Yours and your family’s health is the most valuable thing. While every day a new ‘hack’ appears to improve health it’s ticking the fundamentals that provides real results. Here are 11 top ways to keep your family healthy
Eat a filling, healthy breakfast
In an increasingly busy world, mealtimes are an apparently easy place to shave minutes. On-the-go breakfast bar or a quick bowl of sugary cereal might seem like time optimised, but it’s not doing much for yours or your family’s health.
Spend a few minutes crafting a breakfast that’ll not only keep you full until lunch, but that’ll also provide the nutrients needed to fire on all cylinders.
Great breakfasts include:
- Oats or porridge with nuts, seeds or fruit for topping
- Homemade or wholemeal bread toasted with peanut butter and a sliced banana
- Smoothie with fruit and perhaps a scoop of protein powder
- Omelette loaded with vegetables and mushrooms
We’ve collated some pro athlete breakfast recipes if you need further inspiration!
Shop our award-winning natural sports nutrition
Get active together
I appreciate that many of you reading this will have your own training or personal goals to strive towards, and that adding extra ‘active’ time can encroach on recovery or work, but being active as a family is a brilliant health kick.
Being active as a family - whether that’s with your children, parents, siblings or partner (remember, couples who sweat together stay together) – is motivating, provides camaraderie and accountability to ensure you all have to turn up and get out there.
Walk, cycle, swim, run, do some gardening – it doesn’t matter what, just do it!
Take healthy snacks to school
When you pack the kids off to school, make sure they’ve something healthy to snack on. While the convenience of a cereal or chocolate bar makes life easy, send them off instead with a piece of fruit or any of these 19 immune boosting foods (apart from many a sweet potato…they wouldn’t thank you to find one of them in their lunch box).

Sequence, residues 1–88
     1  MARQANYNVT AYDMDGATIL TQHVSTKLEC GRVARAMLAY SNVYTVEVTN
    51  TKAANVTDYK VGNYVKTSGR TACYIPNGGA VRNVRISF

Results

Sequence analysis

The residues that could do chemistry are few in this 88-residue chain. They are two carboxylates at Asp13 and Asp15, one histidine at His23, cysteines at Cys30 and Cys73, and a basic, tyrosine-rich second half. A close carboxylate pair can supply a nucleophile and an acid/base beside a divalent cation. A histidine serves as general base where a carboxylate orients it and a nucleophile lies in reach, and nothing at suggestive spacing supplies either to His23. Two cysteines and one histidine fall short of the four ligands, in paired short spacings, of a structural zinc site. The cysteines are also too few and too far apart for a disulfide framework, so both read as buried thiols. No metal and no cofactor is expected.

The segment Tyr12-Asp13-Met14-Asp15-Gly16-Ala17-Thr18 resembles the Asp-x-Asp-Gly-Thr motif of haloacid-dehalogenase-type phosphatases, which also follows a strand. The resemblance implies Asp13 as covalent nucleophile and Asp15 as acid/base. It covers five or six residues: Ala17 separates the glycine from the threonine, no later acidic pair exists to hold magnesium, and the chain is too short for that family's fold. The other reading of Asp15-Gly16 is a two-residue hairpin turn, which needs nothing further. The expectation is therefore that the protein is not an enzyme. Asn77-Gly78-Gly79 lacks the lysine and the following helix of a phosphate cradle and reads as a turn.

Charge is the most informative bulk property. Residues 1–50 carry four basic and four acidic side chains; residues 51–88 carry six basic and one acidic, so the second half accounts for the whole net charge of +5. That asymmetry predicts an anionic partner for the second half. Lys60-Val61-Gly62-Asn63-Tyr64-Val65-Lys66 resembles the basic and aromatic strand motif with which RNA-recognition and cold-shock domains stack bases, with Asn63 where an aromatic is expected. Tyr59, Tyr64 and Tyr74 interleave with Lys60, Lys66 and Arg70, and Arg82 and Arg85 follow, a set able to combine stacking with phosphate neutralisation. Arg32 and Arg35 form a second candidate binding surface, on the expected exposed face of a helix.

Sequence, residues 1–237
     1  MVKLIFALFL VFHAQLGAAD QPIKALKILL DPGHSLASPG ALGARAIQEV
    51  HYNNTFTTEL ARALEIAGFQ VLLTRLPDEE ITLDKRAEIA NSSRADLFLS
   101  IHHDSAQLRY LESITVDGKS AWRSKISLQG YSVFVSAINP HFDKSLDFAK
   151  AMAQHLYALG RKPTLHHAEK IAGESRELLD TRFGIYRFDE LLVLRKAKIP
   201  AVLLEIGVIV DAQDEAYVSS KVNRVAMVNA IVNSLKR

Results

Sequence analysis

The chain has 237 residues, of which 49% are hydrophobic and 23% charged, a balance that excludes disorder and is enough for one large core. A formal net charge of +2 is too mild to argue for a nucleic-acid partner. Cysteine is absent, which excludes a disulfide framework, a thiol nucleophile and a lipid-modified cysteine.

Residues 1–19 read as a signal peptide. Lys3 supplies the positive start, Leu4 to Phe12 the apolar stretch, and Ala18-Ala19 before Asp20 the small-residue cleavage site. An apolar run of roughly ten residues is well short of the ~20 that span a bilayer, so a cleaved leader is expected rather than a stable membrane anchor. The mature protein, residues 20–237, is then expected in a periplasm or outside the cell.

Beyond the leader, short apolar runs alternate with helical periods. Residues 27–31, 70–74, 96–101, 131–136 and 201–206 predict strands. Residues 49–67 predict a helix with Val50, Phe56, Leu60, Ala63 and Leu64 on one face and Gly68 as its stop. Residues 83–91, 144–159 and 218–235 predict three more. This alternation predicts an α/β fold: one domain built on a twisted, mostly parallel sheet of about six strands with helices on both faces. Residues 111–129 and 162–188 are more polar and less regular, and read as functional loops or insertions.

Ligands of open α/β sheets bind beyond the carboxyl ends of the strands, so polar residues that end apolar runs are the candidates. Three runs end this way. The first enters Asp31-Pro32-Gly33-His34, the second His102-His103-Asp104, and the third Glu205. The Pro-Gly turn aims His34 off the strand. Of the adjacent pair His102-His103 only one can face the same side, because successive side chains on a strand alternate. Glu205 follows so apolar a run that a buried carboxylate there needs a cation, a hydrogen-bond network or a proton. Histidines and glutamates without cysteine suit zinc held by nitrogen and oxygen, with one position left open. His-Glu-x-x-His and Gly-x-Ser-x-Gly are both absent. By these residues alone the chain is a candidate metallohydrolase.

Although many of us are guilty of not prioritising it, we all know the benefits of good night’s sleep.
If you haven’t read Matt Walker’s excellent Why We Sleep, I’d urge you to get it. Amongst a smorgasbord of fascinating studies highlighting the wonderful thing that happen while we sleep, it also provides a useful insight into how our sleep requirements alter with age.
If you wonder why your teenager kids simply cannot function before midday or why your three year old has suddenly changed their sleep patterns, this book explains it all. Critically, it also provides suggestions on how to shift your sleep habits for maximum health.
Get the zzzs in. The brain does some miraculous work while you doze
Good oral hygiene habits
For as long as we can remember, we’ve been told we must brush our teeth. I thought this was purely to reduce the likelihood of painful dentist trips, but there’s actually a very close link between oral health and overall health. So, for your loved ones trying to be the best they can be, getting them to brush their teeth is a habit worth nailing.
Maintaining communication and open relationships with your family is so important for a number of reasons. One of the key findings from research conducted on people living in Blue Zones – regions where an unusually high number of people reach 100 years – was that their close-knit relationships provided a sense of community, reduced loneliness and anxiety and provided meaning.